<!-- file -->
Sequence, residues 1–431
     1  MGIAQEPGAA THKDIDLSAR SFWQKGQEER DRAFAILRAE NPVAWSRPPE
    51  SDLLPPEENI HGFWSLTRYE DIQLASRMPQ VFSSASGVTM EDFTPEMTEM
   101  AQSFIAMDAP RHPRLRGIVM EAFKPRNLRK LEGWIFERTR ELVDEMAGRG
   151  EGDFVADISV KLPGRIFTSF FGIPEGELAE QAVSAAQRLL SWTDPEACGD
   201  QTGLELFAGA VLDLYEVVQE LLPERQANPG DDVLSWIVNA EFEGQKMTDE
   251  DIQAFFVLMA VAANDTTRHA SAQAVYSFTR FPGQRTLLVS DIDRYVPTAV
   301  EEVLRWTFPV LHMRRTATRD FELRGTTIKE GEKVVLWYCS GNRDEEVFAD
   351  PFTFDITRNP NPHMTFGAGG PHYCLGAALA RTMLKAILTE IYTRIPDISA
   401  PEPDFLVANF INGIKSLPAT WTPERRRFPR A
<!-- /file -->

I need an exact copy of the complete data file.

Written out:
Sequence, residues 1–431
     1  MGIAQEPGAA THKDIDLSAR SFWQKGQEER DRAFAILRAE NPVAWSRPPE
    51  SDLLPPEENI HGFWSLTRYE DIQLASRMPQ VFSSASGVTM EDFTPEMTEM
   101  AQSFIAMDAP RHPRLRGIVM EAFKPRNLRK LEGWIFERTR ELVDEMAGRG
   151  EGDFVADISV KLPGRIFTSF FGIPEGELAE QAVSAAQRLL SWTDPEACGD
   201  QTGLELFAGA VLDLYEVVQE LLPERQANPG DDVLSWIVNA EFEGQKMTDE
   251  DIQAFFVLMA VAANDTTRHA SAQAVYSFTR FPGQRTLLVS DIDRYVPTAV
   301  EEVLRWTFPV LHMRRTATRD FELRGTTIKE GEKVVLWYCS GNRDEEVFAD
   351  PFTFDITRNP NPHMTFGAGG PHYCLGAALA RTMLKAILTE IYTRIPDISA
   401  PEPDFLVANF INGIKSLPAT WTPERRRFPR A